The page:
Mining operations require large amounts of water on their production process, and the recovery of this asset is a key element in its operational efficiency.

In the separation of solid and liquid, three methodologies are used: thickening, filtration and thermal drying. From 75% to 80% of the water can be recover in thickeners and about 90% with filters in later stages.

Thickening is the most widely used separation technique for liquids and solids because is relatively inexpensive and allows a high processing capacity.

Thickening is defined as the process by on the action of gravity, the solid particles suspended in a liquid are caused to settle, generating a thickened pulp in the lower part and a clarified liquid in the upper part.

In the thickening process a chemical called flocculant is used, which is a long-chain, high molecular weight organic polymer, soluble in water, that makes bridges or junctions between particles, creating a new particle of a larger size that will sediment faster, accelerating the process of solid and liquid separation.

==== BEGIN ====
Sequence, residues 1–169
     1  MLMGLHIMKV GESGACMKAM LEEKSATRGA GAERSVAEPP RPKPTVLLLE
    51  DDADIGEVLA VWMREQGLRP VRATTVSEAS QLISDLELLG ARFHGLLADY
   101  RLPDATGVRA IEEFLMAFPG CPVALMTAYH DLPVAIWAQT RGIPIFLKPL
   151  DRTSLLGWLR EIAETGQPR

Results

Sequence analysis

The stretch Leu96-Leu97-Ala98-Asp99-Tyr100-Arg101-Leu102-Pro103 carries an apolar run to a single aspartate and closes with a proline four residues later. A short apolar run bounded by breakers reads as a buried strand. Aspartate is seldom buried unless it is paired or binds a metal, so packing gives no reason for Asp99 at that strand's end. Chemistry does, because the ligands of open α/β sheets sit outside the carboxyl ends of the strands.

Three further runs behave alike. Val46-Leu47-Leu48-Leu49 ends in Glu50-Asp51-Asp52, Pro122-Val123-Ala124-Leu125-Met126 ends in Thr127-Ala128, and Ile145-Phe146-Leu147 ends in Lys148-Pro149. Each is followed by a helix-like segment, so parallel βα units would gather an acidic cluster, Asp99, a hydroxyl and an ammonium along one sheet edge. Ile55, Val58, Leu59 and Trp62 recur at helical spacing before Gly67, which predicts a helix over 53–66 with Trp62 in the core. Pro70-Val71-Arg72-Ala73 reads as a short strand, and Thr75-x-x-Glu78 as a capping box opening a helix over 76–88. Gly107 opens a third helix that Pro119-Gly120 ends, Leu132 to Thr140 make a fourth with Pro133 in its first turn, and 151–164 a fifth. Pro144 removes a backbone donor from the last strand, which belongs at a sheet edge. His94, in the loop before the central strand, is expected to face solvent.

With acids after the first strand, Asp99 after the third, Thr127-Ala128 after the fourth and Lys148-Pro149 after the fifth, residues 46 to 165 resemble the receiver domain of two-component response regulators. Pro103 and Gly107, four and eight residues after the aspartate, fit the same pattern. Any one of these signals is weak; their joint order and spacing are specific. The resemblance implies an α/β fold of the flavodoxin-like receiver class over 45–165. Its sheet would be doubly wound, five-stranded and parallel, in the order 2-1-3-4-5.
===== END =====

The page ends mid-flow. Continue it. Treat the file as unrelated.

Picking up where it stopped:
The solid particles are deposited in the bottom of the thickener and are extracted to be finally discharged in the tailings dam. Most of the water is extracted from the top of the thickener and returned to the plant.

Some factors that influence the separation of solid and liquid are the following:

PARTICLE SIZE AND GRANULOMETRY

Generally fine particles have a lower sedimentation capacity. An increase in surface area means a lower concentration in the lower outlet of the thickener (underflow) in the discharge.

CONCENTRATION OF SOLIDS

Most thickeners are designed on the basis of the unit of area required (square meter per dry ton per day) and their size may vary as the concentration of solids in the feed increases.

Among the different types of flocculants are:

  • Mineral flocculants.
  • Natural flocculants.
  • Synthetic flocculants.
  • Anionic flocculants.
  • Non-ionic flocculants.
  • Catiónic flocculants.

 

 

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